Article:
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People v. Veal

Court of Appeals of Illinois, First District, Second Division

May 2, 2017

ISRAEL VEAL, Defendant-Appellant.

         Appeal from the Circuit Court of Cook County, Illinois. No. 14 CR 49, Honorable Arthur F. Hill, Jr., Judge Presiding.

          JUSTICE MASON delivered the judgment of the court, with opinion. Presiding Justice Hyman and Justice Pierce concurred in the judgment and opinion.


          MASON, JUSTICE

         ¶ 1 Following a 2014 bench trial, defendant Israel Veal[1] was convicted of several counts arising out of his possession of a handgun, all of which merged into his armed habitual criminal conviction, for which he was sentenced to nine years' imprisonment. Veal's sole argument on appeal is that the trial court erroneously denied his pretrial motion to quash arrest and suppress evidence of the gun. Finding no error, we affirm.

         ¶ 2 BACKGROUND

         ¶ 3 Veal was charged with four counts of unlawful use of a weapon by a felon, two counts of aggravated unlawful use of a weapon, and one count of armed habitual criminal after an officer recovered a gun on Veal's seat during a traffic stop on December 5, 2013, in Chicago. Prior to trial, Veal moved to quash his arrest and suppress evidence of the gun.

         ¶ 4 At the suppression hearing and at trial, Officer Wojciech Kanski testified to the events of that night. Officer Kanski was assigned to the area north saturation team, which was dispatched to violent neighborhoods where there were high incidences of shootings and gang conflicts. Officer Kanski was on routine patrol with his partner, Officer Pelayo, in the area of 4258 West Washington Boulevard. Officer Pelayo pulled up next to a Honda Civic at a red light, at which time Officer Kanski observed that the rear two passengers of the car were not wearing seatbelts. After the light changed, Officer Pelayo executed a traffic stop of the Civic. The officers pulled to the side of the Civic after it had come to a stop, and Officer Kanski, who was next to the rear passenger on the driver's side, exited his vehicle and approached the Civic. As Officer Kanski was 5 to 10 feet away from the car, he observed the rear passenger closest to him, identified in court as Veal, making movements toward his waist, as though he was trying to cover something. Specifically, Officer Kanski testified that Veal moved his hands towards his waist on the right side of his body and pushed his waist down.

         ¶ 5 Upon observing Veal's movements, Officer Kanski ordered the car's occupants to raise their hands for reasons of officer safety. While three of the occupants immediately complied, Veal did not. Officer Kanski testified that Veal instead moved his hands up and down. Officer Kanski did not did not see anything in Veal's hands.

         ¶ 6 Officer Kanski initially ordered the driver out of the car, whereupon he patted him down, handcuffed him, and had him stand outside behind the Civic.[2] He then ordered Veal out of the car and opened the door for him. As Veal exited the car, Officer Kanski saw a handgun underneath where Veal had been sitting, and he immediately secured Veal and took possession of the weapon.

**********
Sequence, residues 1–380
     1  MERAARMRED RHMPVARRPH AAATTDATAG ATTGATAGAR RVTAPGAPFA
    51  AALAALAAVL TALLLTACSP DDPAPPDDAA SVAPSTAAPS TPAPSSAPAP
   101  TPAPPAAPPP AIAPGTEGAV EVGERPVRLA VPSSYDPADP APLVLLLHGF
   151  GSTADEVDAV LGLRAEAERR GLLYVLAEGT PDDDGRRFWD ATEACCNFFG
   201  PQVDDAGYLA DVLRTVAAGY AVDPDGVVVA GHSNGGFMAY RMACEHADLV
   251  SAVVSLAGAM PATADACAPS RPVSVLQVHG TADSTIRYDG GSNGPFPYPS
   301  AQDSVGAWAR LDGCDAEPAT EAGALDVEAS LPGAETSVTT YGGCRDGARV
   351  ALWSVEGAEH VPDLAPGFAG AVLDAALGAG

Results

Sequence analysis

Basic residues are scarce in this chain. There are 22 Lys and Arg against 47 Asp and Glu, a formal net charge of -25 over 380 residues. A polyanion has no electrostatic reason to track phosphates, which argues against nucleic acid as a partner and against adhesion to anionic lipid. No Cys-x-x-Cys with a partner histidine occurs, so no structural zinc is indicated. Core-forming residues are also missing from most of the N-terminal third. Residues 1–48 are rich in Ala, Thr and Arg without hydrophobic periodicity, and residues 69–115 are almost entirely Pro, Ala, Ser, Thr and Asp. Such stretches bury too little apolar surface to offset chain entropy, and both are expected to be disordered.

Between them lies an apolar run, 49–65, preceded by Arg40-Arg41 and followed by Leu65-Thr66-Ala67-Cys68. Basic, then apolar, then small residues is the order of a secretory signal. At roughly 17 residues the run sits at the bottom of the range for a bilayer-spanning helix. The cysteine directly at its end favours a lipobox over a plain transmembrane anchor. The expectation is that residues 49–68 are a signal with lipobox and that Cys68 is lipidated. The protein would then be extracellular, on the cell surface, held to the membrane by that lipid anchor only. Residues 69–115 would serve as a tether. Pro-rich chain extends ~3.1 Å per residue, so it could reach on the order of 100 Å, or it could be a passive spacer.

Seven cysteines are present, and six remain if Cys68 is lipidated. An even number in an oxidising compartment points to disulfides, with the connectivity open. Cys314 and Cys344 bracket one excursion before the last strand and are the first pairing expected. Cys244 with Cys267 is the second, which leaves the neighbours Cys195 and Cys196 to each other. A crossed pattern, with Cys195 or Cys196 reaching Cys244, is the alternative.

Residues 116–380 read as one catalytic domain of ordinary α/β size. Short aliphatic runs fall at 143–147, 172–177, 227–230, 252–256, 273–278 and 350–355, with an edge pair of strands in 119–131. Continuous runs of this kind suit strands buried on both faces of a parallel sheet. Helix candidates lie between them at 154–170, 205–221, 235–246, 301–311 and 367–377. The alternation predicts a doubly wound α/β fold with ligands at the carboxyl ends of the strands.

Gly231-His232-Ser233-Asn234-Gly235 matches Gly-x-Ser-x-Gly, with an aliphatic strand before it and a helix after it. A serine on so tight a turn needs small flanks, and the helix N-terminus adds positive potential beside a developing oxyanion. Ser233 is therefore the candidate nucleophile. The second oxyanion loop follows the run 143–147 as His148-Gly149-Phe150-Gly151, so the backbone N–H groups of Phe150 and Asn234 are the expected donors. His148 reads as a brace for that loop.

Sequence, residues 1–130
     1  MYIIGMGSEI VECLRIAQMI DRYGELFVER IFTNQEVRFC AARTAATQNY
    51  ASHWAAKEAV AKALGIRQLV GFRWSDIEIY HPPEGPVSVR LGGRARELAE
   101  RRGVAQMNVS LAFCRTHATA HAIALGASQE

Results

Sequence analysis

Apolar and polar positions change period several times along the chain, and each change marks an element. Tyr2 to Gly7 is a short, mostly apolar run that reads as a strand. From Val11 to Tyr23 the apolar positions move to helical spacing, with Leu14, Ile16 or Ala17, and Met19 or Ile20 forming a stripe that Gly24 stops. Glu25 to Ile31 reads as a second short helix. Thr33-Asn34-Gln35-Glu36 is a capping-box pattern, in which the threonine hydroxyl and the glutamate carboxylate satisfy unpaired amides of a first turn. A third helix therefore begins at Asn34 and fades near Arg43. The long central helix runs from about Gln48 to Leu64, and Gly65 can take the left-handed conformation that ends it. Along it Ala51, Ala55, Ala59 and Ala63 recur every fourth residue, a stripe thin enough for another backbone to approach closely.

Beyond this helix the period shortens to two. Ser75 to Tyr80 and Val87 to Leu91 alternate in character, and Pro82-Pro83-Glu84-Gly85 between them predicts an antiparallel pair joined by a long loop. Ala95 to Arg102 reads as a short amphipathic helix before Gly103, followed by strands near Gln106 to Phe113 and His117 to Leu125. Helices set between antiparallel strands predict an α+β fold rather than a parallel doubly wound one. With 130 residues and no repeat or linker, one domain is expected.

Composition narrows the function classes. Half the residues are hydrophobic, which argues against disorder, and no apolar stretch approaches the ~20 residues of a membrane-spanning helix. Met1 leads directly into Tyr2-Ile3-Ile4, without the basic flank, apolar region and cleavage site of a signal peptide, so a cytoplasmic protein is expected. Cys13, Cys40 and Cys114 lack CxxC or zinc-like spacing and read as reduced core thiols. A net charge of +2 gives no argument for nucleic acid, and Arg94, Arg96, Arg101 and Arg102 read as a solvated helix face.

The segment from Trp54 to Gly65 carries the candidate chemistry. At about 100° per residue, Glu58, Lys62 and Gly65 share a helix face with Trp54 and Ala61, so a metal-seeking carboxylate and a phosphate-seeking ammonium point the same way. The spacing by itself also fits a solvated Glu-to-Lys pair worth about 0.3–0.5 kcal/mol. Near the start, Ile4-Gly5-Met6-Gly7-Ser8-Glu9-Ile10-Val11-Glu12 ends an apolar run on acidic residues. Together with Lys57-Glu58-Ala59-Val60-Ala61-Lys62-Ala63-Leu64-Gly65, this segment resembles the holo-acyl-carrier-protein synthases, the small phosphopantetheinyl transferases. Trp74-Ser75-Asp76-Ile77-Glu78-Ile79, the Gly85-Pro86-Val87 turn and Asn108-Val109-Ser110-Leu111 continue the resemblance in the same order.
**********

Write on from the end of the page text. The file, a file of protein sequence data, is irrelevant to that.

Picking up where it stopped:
¶ 7 The trial court denied the motion to quash and suppress, finding that the seatbelt violation, coupled with Veal's furtive movements and his failure to comply with the officer's request to raise his hands, justified ordering Veal out of the car.

         ¶ 8 At trial, Officer Kanski was the sole State witness. His trial testimony echoed his testimony at the suppression hearing. At the close of the State's evidence, the court denied Veal's motion for a directed finding. Veal rested without putting on evidence, and the court found Veal guilty on all counts, which were merged into the most serious charge of armed habitual criminal. Following the denial of his posttrial motion, Veal was sentenced and timely appealed.

         ¶ 9 ANALYSIS

         ¶ 10 The sole issue on appeal is the court's ruling on Veal's motion to quash and suppress. A ruling on a motion to suppress is subject to a mixed standard of review. People v. Pitman, 211 Ill.2d 502, 512 (2004). The trial court's factual findings are entitled to deference, given that the trial court is in a superior position to weigh the credibility of witnesses, and we will uphold such findings unless they are contrary to the manifest weight of the evidence. Id. However, the ultimate legal question of suppression is subject to de novo review. Id.

         ¶ 11 Pursuant to the fourth amendment of the United States Constitution, people have the right to protection against unreasonable searches and seizures. U.S. Const., amend. IV; see also People v. Jones, 215 Ill.2d 261, 268 (2005). Ordinarily, a search and seizure is reasonable under the fourth amendment if supported by a warrant showing probable cause. Jones, 215 Ill.2d at 269 (citing Katz v. United States, 389 U.S. 347, 357 (1967)). But there are several exceptions to the warrant requirement, including the circumstance where a police officer briefly stops a person for questioning when the officer reasonably believes that person has ...

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